Your Food and Your Mood

Your Food and Your MoodMaybe you crave specific foods because of a certain mood you’re in. You’re stressed – you crave sweets. Tired after Thanksgiving dinner? Here’s the science behind it all

Foods can affect our moods chemically in regards to alertness and pain perception. The basic principle is that the nutrients in food act as pre-cursors to neurotransmitters in our brains…the more precursors there are, the more neurotransmitters are produced. Here are some examples so that this will make more sense (the nutrients discussed are from food sources specifically and as well supplements):

Protein

  • Breaks down into Amino Acids when digested
  • Tyrosine is one of those amino acids that increases the release of dopamine, norepinephrine and epinephrine – these chemicals increase alertness and energy
  • Sources include fish, poultry, meat, eggs, legumes, cheese, milk, tofu

Carbohydrates

  • Promote relaxation and help combat stress (that’s why we tend to grab carbs when we’re really feeling the crunch of a project deadline)
  • Carbohydrates provide sugar in the blood which leads to a release of insulin
  • Insulin not only clears out the sugar in the blood but also the amino acids in the blood except tryptophan
  • Tryptophan converts to serotonin in the brain which helps with pain reduction, decreased appetite, sense of calm and in large enough quantities = sleep.
  • Sources include whole grains, fruits

B Complex Vitamin

  • Choline is a specific B Complex Vitamin that is concentrated in high cholesterol foods (eggs)
  • Lack of choline has been associated with impairment of memory and concentration
  • Choline is the precursor to acetylcholine (neurotransmitter) which at low levels is linked to Alzheimer’s disease and poor memory

Selenium

  • This one is somewhat of a mystery in that we don’t know what the neural function is or what the mode of action is, but we do know that:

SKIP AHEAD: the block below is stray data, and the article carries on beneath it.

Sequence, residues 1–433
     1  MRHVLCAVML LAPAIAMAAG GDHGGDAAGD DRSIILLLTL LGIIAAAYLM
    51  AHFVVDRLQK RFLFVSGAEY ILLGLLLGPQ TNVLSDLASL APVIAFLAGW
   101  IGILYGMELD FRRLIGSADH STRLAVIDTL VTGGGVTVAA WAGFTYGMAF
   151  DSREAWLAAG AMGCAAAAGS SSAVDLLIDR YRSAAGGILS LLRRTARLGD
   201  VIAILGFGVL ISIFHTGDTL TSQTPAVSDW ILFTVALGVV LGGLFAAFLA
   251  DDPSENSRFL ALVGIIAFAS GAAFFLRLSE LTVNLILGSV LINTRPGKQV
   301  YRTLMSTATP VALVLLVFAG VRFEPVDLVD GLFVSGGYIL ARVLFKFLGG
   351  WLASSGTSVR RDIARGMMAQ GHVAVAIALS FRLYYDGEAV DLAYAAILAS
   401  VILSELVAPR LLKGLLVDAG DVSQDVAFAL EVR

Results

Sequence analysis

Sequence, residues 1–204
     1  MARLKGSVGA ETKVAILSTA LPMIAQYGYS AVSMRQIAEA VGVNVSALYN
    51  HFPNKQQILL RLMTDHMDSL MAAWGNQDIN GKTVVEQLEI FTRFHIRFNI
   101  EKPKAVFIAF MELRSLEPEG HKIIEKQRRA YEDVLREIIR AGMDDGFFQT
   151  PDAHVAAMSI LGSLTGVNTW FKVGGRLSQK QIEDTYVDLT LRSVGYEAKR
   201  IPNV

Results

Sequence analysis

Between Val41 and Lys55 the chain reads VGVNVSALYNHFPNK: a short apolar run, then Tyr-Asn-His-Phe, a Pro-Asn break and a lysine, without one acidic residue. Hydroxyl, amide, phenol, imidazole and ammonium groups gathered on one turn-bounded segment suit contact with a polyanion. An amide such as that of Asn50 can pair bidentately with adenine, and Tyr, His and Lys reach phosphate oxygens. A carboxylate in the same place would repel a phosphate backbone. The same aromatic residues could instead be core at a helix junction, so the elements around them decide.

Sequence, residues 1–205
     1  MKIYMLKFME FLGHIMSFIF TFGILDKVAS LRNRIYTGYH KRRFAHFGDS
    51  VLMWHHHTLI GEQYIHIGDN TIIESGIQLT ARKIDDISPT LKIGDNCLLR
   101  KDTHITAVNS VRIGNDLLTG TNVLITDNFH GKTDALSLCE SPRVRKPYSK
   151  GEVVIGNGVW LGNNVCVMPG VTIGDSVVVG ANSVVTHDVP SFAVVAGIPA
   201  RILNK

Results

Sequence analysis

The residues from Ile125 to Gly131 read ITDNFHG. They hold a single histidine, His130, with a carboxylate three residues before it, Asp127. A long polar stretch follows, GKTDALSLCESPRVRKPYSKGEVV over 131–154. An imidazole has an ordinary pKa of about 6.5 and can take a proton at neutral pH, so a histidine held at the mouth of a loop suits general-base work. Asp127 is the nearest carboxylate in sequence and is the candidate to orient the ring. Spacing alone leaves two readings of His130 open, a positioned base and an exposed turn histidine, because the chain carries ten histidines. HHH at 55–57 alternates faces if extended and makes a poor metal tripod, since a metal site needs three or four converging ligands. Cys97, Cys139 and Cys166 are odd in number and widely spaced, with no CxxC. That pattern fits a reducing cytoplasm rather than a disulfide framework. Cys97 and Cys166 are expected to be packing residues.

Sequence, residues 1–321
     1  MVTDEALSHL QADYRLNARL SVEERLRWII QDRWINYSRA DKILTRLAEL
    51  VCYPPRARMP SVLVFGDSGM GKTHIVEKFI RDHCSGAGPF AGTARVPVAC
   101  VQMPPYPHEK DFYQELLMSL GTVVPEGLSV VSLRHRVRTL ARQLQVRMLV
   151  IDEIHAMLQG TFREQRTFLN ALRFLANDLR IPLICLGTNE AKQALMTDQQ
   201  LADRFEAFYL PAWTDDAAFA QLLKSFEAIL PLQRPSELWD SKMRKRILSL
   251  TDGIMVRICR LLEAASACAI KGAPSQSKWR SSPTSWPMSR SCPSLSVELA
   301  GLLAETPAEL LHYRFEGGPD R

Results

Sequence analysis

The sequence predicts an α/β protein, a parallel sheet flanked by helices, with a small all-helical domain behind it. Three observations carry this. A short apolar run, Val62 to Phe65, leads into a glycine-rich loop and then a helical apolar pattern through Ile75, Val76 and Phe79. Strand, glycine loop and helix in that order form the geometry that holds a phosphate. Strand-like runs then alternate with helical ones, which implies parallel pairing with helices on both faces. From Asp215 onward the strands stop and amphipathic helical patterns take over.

• Lack of selenium = increased anxiousness, irritability and hostility
  • Sources include Brazil nuts, tuna, sunflower seeds, whole grain cereals

Folic Acid

  • We’ve all heard about the importance of Folic Acid during pregnancy, but deficiencies in Folic Acid have been linked to depression
  • Low levels of Folic Acid = decreased serotonin levels (as previously discussed with carbohydrates)
  • As little as 200 micrograms may be enough to improve mood. That’s equal to 1 cup of cooked spinach or 1 cup of orange juice.

Omega-3 Fatty Acids

  • These fatty acids aid your brain cells and neurotransmitters to function properly which has a “mood-lifting” effect
  • Sources include salmon, sardines, flaxseeds

So when you feel tired after Thanksgiving dinner it may be related to the Tryptophan in the turkey, but may also be related to the insulin response from the carbohydrates. Both nutrients work together to produce that restful (almost sleepy) feeling. Whatever the case may be, it may be worth making note of your mood next time you eat some of these foods. If you’re feeling tired, try some protein or you can try mood enhancer supplement like Peak Nootropics. The point is to take advantage of the “natural” mood altering benefits foods have.

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